The ancient and modern history of Halkidiki, buried in the earth came to light and revealed over 1,000 of ancient graves on the peninsula of Kassandra and Sithonia. The touristic development can overshadow its archaeological wealth, but thanks to it, one of the largest cemeteries of the northern Greek area was revealed. The Agios Ioannis Coast of Sithonia hid more than a thousand burials of different types with numerous finds of an extensive cemetery of antiquity.
Over a thousand burials of different types and numerous findings have been unearthed in recent years on Sithonia’s Agios Ioannis coast.
The excavation surveys (2018-19 and 2020) by Halkidiki and Mount Athos Antiquities Ephorate archaeologists Eleni Lambrothanasi, Despoina Vovoura and Charikleia Koromila revealed graves from the 10th to the 5th century BC.
The graves were discovered when contractors began digging in the area, after the purchase of the property for the construction of a tourist unit.
The burials include amphorae, burial cases, pit latrines and a sarcophagus that testify to the burial practices of the wider region of Halkidiki from the Iron Age to the early Classical period.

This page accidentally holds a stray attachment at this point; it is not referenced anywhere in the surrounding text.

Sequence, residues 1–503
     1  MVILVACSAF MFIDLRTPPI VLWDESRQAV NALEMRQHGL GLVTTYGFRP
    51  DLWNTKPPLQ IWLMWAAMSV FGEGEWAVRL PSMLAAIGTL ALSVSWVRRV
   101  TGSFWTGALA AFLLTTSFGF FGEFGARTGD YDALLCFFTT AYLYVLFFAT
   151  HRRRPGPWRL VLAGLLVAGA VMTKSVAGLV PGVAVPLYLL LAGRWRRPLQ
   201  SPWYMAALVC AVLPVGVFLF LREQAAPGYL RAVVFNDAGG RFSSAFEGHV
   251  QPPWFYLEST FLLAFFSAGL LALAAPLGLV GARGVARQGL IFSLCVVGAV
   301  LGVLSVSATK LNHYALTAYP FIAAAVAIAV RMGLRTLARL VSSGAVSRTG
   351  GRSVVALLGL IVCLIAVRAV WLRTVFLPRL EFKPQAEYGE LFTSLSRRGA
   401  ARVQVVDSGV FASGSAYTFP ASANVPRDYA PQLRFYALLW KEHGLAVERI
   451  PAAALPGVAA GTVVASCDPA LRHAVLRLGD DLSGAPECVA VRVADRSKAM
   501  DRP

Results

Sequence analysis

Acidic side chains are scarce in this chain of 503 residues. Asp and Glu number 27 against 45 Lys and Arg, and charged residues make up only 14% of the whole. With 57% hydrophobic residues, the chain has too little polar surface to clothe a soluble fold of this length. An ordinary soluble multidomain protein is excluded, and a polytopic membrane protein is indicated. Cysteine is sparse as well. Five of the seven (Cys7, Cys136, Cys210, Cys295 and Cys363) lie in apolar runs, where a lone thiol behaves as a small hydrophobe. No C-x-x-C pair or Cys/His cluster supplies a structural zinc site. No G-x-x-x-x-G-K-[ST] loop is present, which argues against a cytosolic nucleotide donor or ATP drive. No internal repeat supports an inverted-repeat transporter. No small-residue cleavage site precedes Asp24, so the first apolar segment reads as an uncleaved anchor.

Excavation in a plot of land where soft recreation facilities would be developed along the beach brought to light a number of tombs, mostly untouched, in a dense arrangement in a sandy and marshy layer, dating from the 10th to the 5th century BC.
Burials in pithos up to two meters high and amphorae inside stone enclosures, burial cases, built cist, pit graves and a sarcophagus bear witness to the burial practices of the wider area of Halkidiki from the Iron Age to the early Classic times.
The grave “gifts” that were saved were also rich. Clay vessels in the shape of the beetle and the krater, cauldrons, skyphos, amphorae and teats, figurines, bronze and iron jewelry accompanied the dead.
The first indications (132 burials) of the existence of an important necropolis had been brought to light by earlier investigations (K. Romiopoulou, 1977, E. Trakosopoulou, 1984-1988) which, with the new excavation data, raise the number to 1,044 graves.
Despite the three excavations, explains Lambrothanasis, it remains unknown to which ancient settlement the cemetery belonged. The first estimates probably refer to the settlement of the island of Kastri where in 1977 researches brought to the surface prehistoric and archaic building remains.
The continuation of the excavation will possibly provide the answers for his identification that archaeologists have been looking for for years.
More on the ancient graves in Halkidiki on daily kathimerini